How to use Range Names to Simplify Your Business Models

 

Today, let’s look at how Excel’s Range Names feature can make your life more simple. Business models using Excel usually require remembering complex formulas and cell references. No longer, as Range Names let you construct much simpler formulas, while simultaneously providing a way to check for errors and making it easier for other people to understand your spreadsheet. Sounds too good to be true? It’s not! Read on to see how it works.

 

Excel uses a grid structure so that cells are referred to by grid ‘coordinates’ indicating the column and row, such as C3 or AZ14.

 

When constructing formulas, using coordinate references can be obscure, for example:

 

= Z14*SUM(A17:21)/COUNT(A17:21)

 

It would be far easier to construct and understand a formula such as:

 

= Discount * Unit_Prices / Number_of_Units

 

Range names are a way of translating the Excel grid coordinates into meaningful descriptive words.

 

The use of Range Names provides the benefits of:

 

  • Making it quicker to construct formulas

 

  • Making formulas more error resistant

 

  • Providing a check of formulas against logical business processes

 

  • Providing clear documentation of how the formulas are constructed

 

  • Providing a clear audit trail through the workbook

 

Creating Range Names

 

Range names can be used to refer to a single cell or an area of cells. It is also important to remember that Range Names are absolute references to cells – they don’t change reference when they are dragged or copied across the workbook.

 

Excel pic

Excel 2

It is far easier to refer to cells and parts of a worksheet by a name instead of the cell reference, for example “July_Total”    instead of “C8” or “NameList” instead of “B1:B7”.

 

The simplest way to create a range name is by:

 

Selecting a cell (or range of cells)

 

Then typing a range name in the Name Box at the top left of the screen:

 

 

Name Box

A range name cannot have spaces in it so use the “_” character to separate words, or use “CamelCase” i.e. a mixture of upper and lower case letters to identify individual words.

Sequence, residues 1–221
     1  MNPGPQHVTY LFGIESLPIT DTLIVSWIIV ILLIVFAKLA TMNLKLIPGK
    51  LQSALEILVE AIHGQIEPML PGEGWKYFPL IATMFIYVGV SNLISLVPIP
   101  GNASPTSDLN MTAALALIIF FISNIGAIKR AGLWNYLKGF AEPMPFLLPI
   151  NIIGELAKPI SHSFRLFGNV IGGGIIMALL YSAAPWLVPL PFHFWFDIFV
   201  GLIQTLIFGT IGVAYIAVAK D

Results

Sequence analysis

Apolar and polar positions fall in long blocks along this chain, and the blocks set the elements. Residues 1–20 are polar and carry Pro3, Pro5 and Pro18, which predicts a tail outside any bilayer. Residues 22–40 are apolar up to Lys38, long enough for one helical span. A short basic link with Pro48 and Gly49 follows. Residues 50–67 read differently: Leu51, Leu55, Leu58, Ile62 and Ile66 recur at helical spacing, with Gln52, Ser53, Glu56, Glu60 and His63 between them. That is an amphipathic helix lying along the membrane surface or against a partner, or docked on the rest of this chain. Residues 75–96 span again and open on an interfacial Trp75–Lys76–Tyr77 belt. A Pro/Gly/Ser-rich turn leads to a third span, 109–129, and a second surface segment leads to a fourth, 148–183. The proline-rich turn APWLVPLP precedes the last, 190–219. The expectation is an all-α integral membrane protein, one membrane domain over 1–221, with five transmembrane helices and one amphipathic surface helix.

Managing Range Names

 

Managing Range NamesRange name are managed from the Name Manager in the Formulas menu, where you can see all the names used in a workbook, their cell references and current values

Range names 2

 

You can also create Range Names directly in the Name Manager by clicking on Define Name:

 

range names 3

 

Using the Name Manager to create Range Names is very useful where the range of cells referred to is an irregular shape, and it also provides the opportunity for comments to be recorded against Range Names.

Deleting Range Names

 

Range Names can only be deleted or edited from the Name Manager (i.e. once they have been created in the Name Box, they cannot be deleted or edited there.

Range names 4

 

(HINT: to see a list of Range Names used, you can use the F5 key shortcut.  This is the GO TO function.)

 

Using Range Names

 

In any Excel formula or selection, the name of a defined range can be used in place of the cell row and column numbers. For example:

 

= (July_total + June_total)  instead of   = (C2 +C3)

 

To pick a Range Name for use in a formula.  For example, if you want to construct a formula using SUM(GreenRange):

 

1. Start to type the formula:

Sum

 

2. Go to the Formulas menu and select Use in Formula.

Use in formula

3. A list of all the workbook’s Range Names will be displayed for picking:

 

use in formula 2

 

Listing Range Names for Reference and Audit

 

As a key part of workbook documentation, Excel provides the facility for listing all Range Names defined, and the cells to which they refer.

 

To generate this list, click on a cell in the worksheet where you would like the list pasted, then Use in Formula, then Paste Names.

 

Listing reference

 

Paste name

 

The list will be automatically generated:

 

Name list

 

These range names allow for much clearer descriptions of what is contained on the worksheet, and provides a valuable tool in checking for spreadsheet errors, and providing audit facilities.

 

This post was written by Harold Graycar, an experienced executive with a broad background in information technology, business development and general management.He has over 25 years’ experience in technical, commercial and general management roles: advising corporate and government clients on project funding, models and strategies for business development, procurement of equipment and services and outsourcing of systems and operations – all based around business analysis and numerate skills.

 

If you want to find out more, check our Business Analysis course here.